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Online Justice of the Peace Course Information

No specific educational requirements exist for a prospective justice of the peace, but coursework or degree programs in political science, criminal justice or administration of justice may be helpful. Online courses are available from various colleges and universities at the undergraduate level.

Essential Information

Online courses in criminal justice, law, political science, administration of justice and sociology may be useful to someone aspiring to become a justice of the peace. Many U.S. states have eliminated the position, but where the role of Justice of the Peace does exist, duties include officiating weddings, administering oaths and presiding over minor criminal and civil matters. Given the changing and diverse nature of the role, students may wish to clarify their end goals and make sure they are aligned with specific courses, as well as state legal and educational requirements.

Online Courses for Prospective Justices of the Peace

Below are a few of the most common courses available that are in the areas of criminal justice, law and political science.

  • American Politics Course: This course is found in many political science undergraduate programs and focuses on how the American political system, policymaking process and key political issues relate to law and its enforcement. Components of the government at the local, state and national levels are examined, along with role of policy in addressing public opinion, stakeholder needs and economic demands. Statistical analysis and research methods for evaluating policy issues are also discussed.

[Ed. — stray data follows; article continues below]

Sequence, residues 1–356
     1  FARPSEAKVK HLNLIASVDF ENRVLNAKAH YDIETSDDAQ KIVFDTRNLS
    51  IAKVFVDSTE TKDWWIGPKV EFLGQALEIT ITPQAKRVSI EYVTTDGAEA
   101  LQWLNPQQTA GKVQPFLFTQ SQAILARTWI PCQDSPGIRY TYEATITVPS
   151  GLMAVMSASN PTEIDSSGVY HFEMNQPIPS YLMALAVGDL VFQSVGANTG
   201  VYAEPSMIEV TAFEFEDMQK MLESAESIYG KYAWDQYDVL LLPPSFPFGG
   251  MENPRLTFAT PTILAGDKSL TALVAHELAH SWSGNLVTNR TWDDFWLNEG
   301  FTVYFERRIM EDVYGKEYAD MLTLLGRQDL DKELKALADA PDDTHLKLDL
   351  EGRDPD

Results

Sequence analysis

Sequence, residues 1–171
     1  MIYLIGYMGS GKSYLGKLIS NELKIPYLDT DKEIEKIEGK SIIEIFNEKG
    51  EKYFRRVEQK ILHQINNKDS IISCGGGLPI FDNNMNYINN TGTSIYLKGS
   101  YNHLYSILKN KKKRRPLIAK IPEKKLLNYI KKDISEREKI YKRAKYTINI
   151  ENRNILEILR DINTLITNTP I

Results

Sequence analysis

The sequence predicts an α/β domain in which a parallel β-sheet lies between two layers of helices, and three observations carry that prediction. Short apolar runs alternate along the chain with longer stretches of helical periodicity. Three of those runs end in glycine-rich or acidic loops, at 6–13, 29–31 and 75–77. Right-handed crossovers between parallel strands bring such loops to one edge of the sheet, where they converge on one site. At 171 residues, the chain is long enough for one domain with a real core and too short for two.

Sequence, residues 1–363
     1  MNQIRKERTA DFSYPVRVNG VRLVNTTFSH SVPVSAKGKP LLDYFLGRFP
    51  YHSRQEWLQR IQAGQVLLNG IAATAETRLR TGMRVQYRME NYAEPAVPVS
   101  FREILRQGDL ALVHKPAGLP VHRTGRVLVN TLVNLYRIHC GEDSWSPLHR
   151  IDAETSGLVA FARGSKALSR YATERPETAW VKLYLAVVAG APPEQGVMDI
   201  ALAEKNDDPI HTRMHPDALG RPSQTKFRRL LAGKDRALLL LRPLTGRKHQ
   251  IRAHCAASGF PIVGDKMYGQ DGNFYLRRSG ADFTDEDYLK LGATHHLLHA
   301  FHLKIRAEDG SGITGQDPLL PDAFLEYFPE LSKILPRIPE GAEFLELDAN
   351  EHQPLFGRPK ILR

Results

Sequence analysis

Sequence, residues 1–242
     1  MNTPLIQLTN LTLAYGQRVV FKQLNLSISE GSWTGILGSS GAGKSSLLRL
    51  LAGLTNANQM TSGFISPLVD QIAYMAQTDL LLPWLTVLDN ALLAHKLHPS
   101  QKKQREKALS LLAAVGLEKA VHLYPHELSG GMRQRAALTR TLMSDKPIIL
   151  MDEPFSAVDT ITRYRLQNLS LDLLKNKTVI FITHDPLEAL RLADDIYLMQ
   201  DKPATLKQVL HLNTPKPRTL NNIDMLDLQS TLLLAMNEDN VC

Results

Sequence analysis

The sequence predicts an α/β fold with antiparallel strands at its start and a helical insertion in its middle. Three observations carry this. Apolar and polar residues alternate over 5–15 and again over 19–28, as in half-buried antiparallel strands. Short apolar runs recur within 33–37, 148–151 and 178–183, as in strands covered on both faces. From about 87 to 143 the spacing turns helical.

• Ethics of Justice Course: This course discusses ethical theories and their application to current issues for justice administration professionals. Requirements of ethical decision-making are discussed along with concepts like morality, justice and social control. Contemporary topics covered include capital punishment, affirmative action, same-sex marriage, euthanasia and torture. Legal ethics courses are often found in undergraduate administration of justice, political science and law enforcement programs.
  • Marriage and the Law Course: Students learn about the legal characteristics, creation and dissolution of civil unions, same-sex, common law and traditional marriages in this sociology course. The affects of social change on traditional marriage are examined and views and laws of non-traditional marriages are covered. Additional topics include legal rights and responsibilities of spouses, the legal processes and obligations of divorce, benefits of marital status, the regulation of the ability to marry and spousal abuse.
  • Justice Administration Course: This course is found within administration of justice and criminal justice programs and looks at the characteristics of effective justice administration. It also includes an overview of the criminal justice system and evaluation of law enforcement philosophies. Interrelationships of subsystems in the justice system and career opportunities in the field are also discussed, as well as responsibilities and expectations of the public.
  • Victims and the Justice Process: This course provides a comprehensive look at victimization and the U.S. legal system's response to it. Students learn to see the world through the victim's eyes in hopes that prospective criminal justice students will be more sympathetic to a victim's plight and their rights. Victim participation in the criminal court case against their offender, such as in the case of a victim impact statement, is also explored.

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